The VM I created is pretty basic for what I generally use when “playing” around with a new or different distro. Memory set to 2048Mb, video memory at 64Mb, 2 processors and an 8Gb “hard disk”. For the rest I just accept the defaults. As with regard to “Installation Destionation” I have opted for a custom partitioning, using 500Mb for /boot, 7Gb for / (root) and the remaining space for swap.

Fedora 19 - Installer

Fedora 19 – Installer

After the initial screen, as shown above, a second screen shows the installation progress plus the possibility to set the root password and the creation of a user with an option to add this user to the administration group. Installation took quite some time, about an hour and a half in my case, but hat may as well also being caused by my network speed (or lack thereof).

Once installed and after reboot a “First login” sequence is started to set language and such. What was new to me, and hopefully also for others, was that I was prompted to create a “Local User” account.

Fedora 19 - Local Account

Fedora 19 – Local Account

I haven’t yet figured out the reason why, particularly since I had already indicated to create an account for me during installation. This is something I still have to look into. When having gone through the “First Login” cycle I was logged in as the “Local Account” and a (Gnome) help window appeared. Not sure if this will be expanded but to me it seemed not very useful at the moment since, AFAIK, it did not provide any new information related to version 3.8.

On the “outside” not much seems to have changed but Gnome 3.8, as far as I can tell at the moment, did make some improvement for convenience. For example, when looking for an application it provides the option to switch  between frequently used and all applications.

Fedora 19 - Frequently used

Fedora 19 – Frequently used

Furthermore the search is extended to files, documents and others and you have the possibility to set the priority in which area the search has to be done.

Fedora 19 - Search priority

Fedora 19 – Search priority

What sort of surprised me is that I noticed during a “yum update” that deltarpm was not installed, which is something I have always liked. I do have it now installed and will see if it (already) works. Another thing I experience at the moment is that it all seems sluggish and that CPU use is quite high, but hey .. we are still at Alpha stage.  ;-)

The final screenshot shows the new Gnome weather application and conky running. With regard to the weather application, haven’t figured out yet how to have it show “proper” metrics.  :D

Fedora 19 - Weather and Conky

Fedora 19 – Weather and Conky

I think I will keep this VM around and regularly update to see if there are changes and what these changes are.
So I’ll conclude with: to be continued….



Upgrade from Fedora 17 to Fedora 18 using FedUp


As could be read in my previous blog post I have made the change over from Ubuntu to Fedora. Just as with Ubuntu also with Fedora I was following the coming of the new release, Fedora 18 (Spherical Cow). From the beta release onward I was running this release in VirtualBox.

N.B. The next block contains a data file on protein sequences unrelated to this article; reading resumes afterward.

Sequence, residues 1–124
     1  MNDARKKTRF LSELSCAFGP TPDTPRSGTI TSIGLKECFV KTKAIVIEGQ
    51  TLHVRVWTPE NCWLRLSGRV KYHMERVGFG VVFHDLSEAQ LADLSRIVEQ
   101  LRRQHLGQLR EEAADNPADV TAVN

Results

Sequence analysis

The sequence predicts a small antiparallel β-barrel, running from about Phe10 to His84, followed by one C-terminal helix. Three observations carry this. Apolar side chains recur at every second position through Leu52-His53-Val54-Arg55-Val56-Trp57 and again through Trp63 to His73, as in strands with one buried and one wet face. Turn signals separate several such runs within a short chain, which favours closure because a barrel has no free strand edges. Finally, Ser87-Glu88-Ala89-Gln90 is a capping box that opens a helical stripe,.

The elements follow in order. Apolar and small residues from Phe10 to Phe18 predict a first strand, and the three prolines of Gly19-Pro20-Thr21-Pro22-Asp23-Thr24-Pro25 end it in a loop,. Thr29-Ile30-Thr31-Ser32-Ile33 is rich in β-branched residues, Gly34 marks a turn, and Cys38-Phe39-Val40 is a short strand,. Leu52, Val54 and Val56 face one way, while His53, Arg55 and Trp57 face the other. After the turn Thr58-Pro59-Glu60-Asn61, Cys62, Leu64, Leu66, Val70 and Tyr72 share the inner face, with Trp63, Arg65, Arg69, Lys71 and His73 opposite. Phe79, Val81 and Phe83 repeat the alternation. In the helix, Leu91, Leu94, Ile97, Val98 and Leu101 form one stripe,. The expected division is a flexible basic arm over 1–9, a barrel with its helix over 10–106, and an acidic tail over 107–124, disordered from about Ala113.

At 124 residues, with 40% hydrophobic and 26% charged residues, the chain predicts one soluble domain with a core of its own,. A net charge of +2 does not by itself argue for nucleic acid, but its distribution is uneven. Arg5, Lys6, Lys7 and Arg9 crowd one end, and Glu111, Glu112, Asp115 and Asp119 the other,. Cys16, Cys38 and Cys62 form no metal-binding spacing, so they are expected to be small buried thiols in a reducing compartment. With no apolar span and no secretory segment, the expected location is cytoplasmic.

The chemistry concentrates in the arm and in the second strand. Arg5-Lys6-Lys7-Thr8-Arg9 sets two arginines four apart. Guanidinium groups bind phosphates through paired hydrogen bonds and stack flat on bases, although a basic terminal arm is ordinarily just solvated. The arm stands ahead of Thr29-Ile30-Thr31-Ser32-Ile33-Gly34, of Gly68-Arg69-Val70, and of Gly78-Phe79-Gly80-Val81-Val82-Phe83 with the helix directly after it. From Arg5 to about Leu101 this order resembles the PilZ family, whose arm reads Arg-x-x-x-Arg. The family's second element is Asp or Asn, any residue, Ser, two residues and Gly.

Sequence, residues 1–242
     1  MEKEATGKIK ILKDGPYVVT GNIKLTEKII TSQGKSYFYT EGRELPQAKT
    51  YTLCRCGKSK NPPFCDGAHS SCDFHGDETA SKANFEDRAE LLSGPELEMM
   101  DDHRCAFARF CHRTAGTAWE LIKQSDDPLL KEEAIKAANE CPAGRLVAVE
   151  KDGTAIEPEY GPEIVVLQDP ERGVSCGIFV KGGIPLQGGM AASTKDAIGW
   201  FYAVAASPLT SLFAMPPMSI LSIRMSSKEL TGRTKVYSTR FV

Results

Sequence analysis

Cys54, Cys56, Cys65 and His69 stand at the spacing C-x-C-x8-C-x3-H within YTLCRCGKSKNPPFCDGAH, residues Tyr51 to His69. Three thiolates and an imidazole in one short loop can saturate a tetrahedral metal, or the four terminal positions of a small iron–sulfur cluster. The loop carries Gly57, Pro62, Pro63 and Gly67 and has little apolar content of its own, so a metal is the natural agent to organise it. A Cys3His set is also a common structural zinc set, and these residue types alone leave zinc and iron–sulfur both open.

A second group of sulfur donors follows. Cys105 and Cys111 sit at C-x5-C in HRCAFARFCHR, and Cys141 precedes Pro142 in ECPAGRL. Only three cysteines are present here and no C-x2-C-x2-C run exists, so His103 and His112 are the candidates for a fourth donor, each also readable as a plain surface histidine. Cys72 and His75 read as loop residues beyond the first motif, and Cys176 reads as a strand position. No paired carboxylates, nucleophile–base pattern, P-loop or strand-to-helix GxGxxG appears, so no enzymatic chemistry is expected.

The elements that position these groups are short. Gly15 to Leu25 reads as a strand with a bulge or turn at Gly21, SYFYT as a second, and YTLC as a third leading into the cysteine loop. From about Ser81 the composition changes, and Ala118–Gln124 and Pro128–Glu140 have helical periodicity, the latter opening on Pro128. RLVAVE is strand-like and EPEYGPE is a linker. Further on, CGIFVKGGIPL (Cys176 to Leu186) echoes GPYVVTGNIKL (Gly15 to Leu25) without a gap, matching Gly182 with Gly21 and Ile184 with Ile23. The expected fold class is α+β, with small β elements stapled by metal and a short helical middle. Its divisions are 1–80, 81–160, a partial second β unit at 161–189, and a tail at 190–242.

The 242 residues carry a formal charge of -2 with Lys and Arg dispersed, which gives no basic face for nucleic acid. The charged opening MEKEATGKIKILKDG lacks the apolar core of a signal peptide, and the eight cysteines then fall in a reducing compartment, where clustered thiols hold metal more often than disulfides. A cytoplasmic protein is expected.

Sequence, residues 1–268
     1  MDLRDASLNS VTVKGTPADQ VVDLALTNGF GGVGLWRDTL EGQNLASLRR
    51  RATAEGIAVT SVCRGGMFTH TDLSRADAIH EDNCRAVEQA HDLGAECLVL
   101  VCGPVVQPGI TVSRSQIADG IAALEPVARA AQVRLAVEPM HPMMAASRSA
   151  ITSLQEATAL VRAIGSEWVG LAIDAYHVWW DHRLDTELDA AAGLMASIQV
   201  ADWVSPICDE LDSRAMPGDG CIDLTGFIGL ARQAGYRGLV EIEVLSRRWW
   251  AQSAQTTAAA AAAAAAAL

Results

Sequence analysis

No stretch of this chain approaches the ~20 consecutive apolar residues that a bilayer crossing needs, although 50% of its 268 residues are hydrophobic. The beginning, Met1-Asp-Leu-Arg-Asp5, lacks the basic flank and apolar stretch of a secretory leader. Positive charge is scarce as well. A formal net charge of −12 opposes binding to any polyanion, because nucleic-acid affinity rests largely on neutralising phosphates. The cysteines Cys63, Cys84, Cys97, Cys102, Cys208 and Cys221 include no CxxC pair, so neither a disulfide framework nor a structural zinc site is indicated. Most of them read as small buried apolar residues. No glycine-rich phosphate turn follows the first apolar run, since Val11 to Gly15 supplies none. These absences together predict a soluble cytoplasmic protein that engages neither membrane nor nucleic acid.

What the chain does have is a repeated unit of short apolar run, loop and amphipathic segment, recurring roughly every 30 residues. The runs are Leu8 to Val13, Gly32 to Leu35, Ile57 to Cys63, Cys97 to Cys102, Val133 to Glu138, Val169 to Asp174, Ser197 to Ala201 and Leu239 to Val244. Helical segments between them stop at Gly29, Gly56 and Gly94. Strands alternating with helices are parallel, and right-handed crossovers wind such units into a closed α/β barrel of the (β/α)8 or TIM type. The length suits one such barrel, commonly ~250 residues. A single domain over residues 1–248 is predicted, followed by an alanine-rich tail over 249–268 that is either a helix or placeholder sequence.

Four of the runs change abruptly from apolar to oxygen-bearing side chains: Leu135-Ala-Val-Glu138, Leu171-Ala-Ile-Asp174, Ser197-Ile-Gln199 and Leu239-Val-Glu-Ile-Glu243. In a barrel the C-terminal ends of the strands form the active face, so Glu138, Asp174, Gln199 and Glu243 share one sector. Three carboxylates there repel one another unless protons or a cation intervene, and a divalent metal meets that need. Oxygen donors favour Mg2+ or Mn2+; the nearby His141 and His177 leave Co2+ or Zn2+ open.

January 15 last Fedora officially released Fedora 18 and, although maybe not always wise, I just had to upgrade. As of Fedora 18 a changeover has been made from PreUpgrade to FedUp (FEDora UPgrader), meaning that if you want to upgrade to Fedora 18 or a later release now FedUp is to be used.

The wiki basically explains very clearly how to upgrade. It is very simple. The first thing to do is to install FedUp.
yum install fedup

NOTE: When performing administrative tasks I always change over to root, but those comfortable with ‘sudo’ can follow the commands keeping in mind that I ran them as root.

Once installed I have executed the following command:
fedup-cli --network 18 --debuglog fedupdebug.log --instrepo

Currently the wiki shows the command without the –instrepo option since this option is no longer required after Fedora 18 was officially released. I have added just in case, but it seems that currently you can run it without.

Once executed FedUp will alter the repositories and pull in all the packages that are to be installed and/or upgraded. When this is completed without errors it is safe to reboot, if not it is best to examine the log to see what went wrong. In my case there were no errors so I rebooted.

After the reboot the GRUB menu will show the option “System Upgrade”. Choose this option and the upgrade will start automagically. Now simply wait until it is completed and the system is rebooted.

After the reboot the GRUB menu showed to options “Fedora” and “Advanced options for Fedora”. I opted for the regular item but that started a “simple” Fedora with no access to the wireless and more items that seemed to be missing. It turned out that I was faced with bug 893175, which caused the fedup entry to be started instead of the latest kernel version. Removing the fedup files, as indicated in comment #4, and rebuilding the GRUB menu resolved the issue.

With the upgrade also a new version of VirtualBox was installed. That I had to reinstall the VirtualBox extensions did not seem to strange to me. The fact that I had to run “/etc/init.d/vboxdrv setup” did seem somewhat strange to me. Since I have DKMS installed I normally do not have to run this when the kernel is upgraded. For some reason this was not done after the upgrade.

Bottomline: Upgrading with FedUp turned out to be an easy task and did not cause any major issues.

Fedora 18 - Desktop

Fedora 18 – Desktop